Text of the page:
SISTER MADELEINE-CECILE, SUSC, starts a series of articles on pastoral care with a look at the needs of young people —
PASTORAL CARE OF THE YOUNG
About 200,000 young people come before the courts in Britain each year. Forty per cent of all indictable crimes of robbery and house breaking are committed by young people under 18. More than 67,000 births in Britain in one year were to mothers under 16 and 40,000 of those babies were il legitim at e . Football hooliganism this season has already resulted in a teenage death.
The list seems endless. It is easy with these facts alone to sound like a "prophet of doom". Understandable if people panic and cry "something must be done."
What do we mean by the term Pastoral Care? It often seems an omnibus term used to cover what suits us at the moment. It can range from the traditional guidance in educational, vocational and personal matters that we associate with all that is best in our educational tradition, to the specialised caring services that are being set up or have been set up to meet specific needs of young people.
In its very usefulness as a blanket term for such a range of provision lies perhaps its inherent danger. The danger that we simply take refuge in it and fail to look carefully at what is involved, 'fail to acknowledge our responsibility.
In an age when professionalism is highly and rightly valued there is always the danger that we leave to the professional more than his due — leave to him, perhaps, those things we fear to face in ourselves. The "professional" helps to keep life tidy today. To him we allocate certain areas of responsibility but we have to be careful we do not do this at the expense of reality. We can so easily, almost unwittingly compartmentalise our concern and institutionalise our care.
It always seems easier and more reassuring to assume that there are teachers, youth workers and clergy specially designated to cope with the needs of young people than admit that each one of us has a duty to give more than sympathy or financial support to the younger members of our community.
It would be comparatively easy within the limits of an article such as this to outline the provision for young people that already exists and needs our support hut I feel we must go deeper. Perhaps this can be put another way. Only when we have looked honestly at our own attitudes to and understanding at the young people in our midst can we realistically assess the sort of special provision that is necessary and useful.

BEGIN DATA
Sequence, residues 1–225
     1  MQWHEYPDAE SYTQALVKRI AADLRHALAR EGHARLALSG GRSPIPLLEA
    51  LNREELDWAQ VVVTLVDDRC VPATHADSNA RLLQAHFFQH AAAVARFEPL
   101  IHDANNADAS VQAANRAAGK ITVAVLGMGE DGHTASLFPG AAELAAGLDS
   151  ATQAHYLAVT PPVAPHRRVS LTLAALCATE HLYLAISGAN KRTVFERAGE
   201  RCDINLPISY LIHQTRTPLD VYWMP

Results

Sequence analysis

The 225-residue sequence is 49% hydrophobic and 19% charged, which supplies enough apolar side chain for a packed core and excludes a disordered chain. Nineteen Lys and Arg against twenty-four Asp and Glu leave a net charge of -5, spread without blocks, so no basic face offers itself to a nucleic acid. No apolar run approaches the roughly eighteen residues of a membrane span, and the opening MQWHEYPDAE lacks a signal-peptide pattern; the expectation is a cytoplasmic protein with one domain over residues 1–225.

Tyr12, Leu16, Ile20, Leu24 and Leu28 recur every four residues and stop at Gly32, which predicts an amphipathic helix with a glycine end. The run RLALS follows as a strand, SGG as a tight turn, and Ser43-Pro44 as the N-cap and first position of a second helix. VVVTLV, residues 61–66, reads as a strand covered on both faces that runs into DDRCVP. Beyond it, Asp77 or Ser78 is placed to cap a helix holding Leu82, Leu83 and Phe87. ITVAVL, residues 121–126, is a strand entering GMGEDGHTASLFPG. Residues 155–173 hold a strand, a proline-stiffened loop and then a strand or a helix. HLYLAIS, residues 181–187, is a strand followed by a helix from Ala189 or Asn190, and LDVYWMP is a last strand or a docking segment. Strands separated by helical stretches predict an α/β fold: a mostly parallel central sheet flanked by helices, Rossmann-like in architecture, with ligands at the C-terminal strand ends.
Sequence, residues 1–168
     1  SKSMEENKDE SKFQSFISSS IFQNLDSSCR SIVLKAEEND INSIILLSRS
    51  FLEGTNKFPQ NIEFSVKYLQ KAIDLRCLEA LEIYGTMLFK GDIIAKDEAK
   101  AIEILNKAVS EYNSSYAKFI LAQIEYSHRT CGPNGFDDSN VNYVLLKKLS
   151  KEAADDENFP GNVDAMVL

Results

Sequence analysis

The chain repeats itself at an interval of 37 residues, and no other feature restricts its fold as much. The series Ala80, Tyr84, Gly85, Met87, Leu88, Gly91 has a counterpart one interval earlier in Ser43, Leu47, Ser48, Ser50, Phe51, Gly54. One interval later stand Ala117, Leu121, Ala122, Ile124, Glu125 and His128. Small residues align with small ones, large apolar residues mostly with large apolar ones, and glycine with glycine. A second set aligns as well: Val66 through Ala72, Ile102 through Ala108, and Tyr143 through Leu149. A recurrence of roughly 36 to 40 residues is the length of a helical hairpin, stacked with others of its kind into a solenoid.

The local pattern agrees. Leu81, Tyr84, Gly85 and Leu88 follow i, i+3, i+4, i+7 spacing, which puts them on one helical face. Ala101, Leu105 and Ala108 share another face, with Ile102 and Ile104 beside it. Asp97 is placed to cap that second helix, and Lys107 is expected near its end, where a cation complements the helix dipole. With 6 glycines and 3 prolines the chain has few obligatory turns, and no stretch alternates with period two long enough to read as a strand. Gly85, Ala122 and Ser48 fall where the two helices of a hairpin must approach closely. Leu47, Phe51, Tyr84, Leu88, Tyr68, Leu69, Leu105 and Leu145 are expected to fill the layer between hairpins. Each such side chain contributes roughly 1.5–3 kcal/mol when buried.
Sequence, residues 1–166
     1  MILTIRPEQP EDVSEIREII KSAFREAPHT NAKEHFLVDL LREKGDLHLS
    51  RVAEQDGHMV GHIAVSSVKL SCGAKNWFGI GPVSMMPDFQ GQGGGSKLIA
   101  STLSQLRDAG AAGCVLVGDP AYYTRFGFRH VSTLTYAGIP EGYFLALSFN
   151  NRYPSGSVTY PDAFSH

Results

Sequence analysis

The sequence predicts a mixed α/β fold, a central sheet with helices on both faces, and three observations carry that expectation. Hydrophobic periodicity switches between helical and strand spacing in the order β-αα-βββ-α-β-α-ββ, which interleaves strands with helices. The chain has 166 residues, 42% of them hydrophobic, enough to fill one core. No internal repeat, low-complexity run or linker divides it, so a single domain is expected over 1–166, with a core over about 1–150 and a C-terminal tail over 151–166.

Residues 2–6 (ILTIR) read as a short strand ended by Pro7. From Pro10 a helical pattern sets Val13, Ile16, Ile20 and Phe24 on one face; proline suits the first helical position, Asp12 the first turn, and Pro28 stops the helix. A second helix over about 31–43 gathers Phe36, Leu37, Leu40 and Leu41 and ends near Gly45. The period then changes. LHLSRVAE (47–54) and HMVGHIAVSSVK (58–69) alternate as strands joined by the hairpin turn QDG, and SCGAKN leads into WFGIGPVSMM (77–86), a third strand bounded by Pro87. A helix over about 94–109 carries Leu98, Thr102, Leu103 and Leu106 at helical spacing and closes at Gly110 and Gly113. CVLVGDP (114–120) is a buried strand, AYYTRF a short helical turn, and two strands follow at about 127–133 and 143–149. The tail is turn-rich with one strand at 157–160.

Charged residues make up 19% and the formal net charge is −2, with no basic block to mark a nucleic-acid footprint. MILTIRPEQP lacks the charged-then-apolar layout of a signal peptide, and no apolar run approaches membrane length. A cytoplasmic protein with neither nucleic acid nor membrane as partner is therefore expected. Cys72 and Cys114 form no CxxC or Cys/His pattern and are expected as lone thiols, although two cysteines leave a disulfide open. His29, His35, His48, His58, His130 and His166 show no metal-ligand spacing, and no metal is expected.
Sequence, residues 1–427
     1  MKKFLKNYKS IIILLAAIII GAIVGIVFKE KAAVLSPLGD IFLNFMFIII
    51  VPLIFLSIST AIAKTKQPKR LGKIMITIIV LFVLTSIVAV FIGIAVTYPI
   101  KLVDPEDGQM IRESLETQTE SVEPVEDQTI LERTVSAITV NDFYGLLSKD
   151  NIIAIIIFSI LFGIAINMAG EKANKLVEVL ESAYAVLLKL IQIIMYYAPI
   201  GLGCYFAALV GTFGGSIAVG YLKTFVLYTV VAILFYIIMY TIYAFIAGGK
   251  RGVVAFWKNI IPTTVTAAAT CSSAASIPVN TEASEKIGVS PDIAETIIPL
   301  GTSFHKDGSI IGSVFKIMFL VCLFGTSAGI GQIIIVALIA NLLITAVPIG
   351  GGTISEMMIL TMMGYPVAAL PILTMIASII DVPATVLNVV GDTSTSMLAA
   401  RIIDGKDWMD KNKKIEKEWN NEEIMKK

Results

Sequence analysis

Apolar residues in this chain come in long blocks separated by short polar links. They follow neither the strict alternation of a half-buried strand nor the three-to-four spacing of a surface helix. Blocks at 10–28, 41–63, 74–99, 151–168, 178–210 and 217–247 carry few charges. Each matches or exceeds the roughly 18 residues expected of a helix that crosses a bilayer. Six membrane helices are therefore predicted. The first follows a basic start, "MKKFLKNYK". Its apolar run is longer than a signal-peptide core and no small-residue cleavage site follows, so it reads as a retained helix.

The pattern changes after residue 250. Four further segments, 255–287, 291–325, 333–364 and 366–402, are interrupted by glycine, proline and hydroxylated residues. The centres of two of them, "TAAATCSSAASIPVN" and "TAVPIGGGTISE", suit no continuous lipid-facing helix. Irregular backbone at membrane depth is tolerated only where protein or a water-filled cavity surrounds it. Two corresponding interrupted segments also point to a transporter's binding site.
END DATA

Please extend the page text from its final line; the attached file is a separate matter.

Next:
Of course, we can condemn the violence, the indiscipline, the apparently purposeless behaviour about which we seem to see and hear so much. Of course we feel afraid and inadequate to answer the needs of the young even if we could identify them. "How," one might say, "can I lead the young anywhere? What do know of the future and the sort of life that faces the youth of today?"
I do not think they are asking us to lead them or point out clear paths for the future. They are not asking us to take away the uncertainty and slow down the rate of change, they simply want us to show them how to cope with the uncertainty — the uncertainty of growth development and change. This is a request not only to the youth worker, teacher or priest but to every mature adult with whom they come in contact. Research has shown that the most important consistent help to a young person during adolescence is provided by opportunities for interaction with adults who have themselves made the transition to adulthood successfully and who can maintain this in their dealings with young people.
In a period of history such as ours where traditional values so often seem threatened and security in many areas of life seem slight we must seek means to allow the young to experience the trust and security that is founded on a philosophy that can accept change.
Not change that is a mere gimmick — variety for the sake of variety — but the change that is the very basis of growth; helping the young to understand that "to live is to change and to be perfect is to have changed often." This is our world — the world of the young, the middle-aged, the old. The skilled and the unskilled — a world entrusted to us to develop, "crowning" as Teilhard de Chardin saw it "our planetary system with reason and intelligence tending always to the ultimate rationality and creativity of God himself."
We have all been made "a little less than angels." He has put "all things under our feet." This is the challenge offered to us and which we in turn must offer to the next generation if we truly care for them.
The vision we offer the young will depend on the attitude of mind we have to the world of today. If it is a positive, courageous, constructively critical, accepting one then all is well. If we are hesitant, pessimistic, lacking in courage then we cannot complain if those younger than we are either lose heart or reject their place in society, with consequent hooliganism, violence and anti-social behaviour. Do we sometimes act as though we feel ourselves threatened by the uncertainty of our position both as individuals and as a Christian community vis-à-vis the technological progress and the social revolution of our day? Could it he that we are seen by the young to act negatively at times, hesitatingly make a gesture of change, peripheral change, in our lives and in our educational approach but lack the conviction to go to the heart of the matter? Are we afraid to "launch out into the deep" fearful lest we cut adrift and lose touch with the essential enduring values of our lives?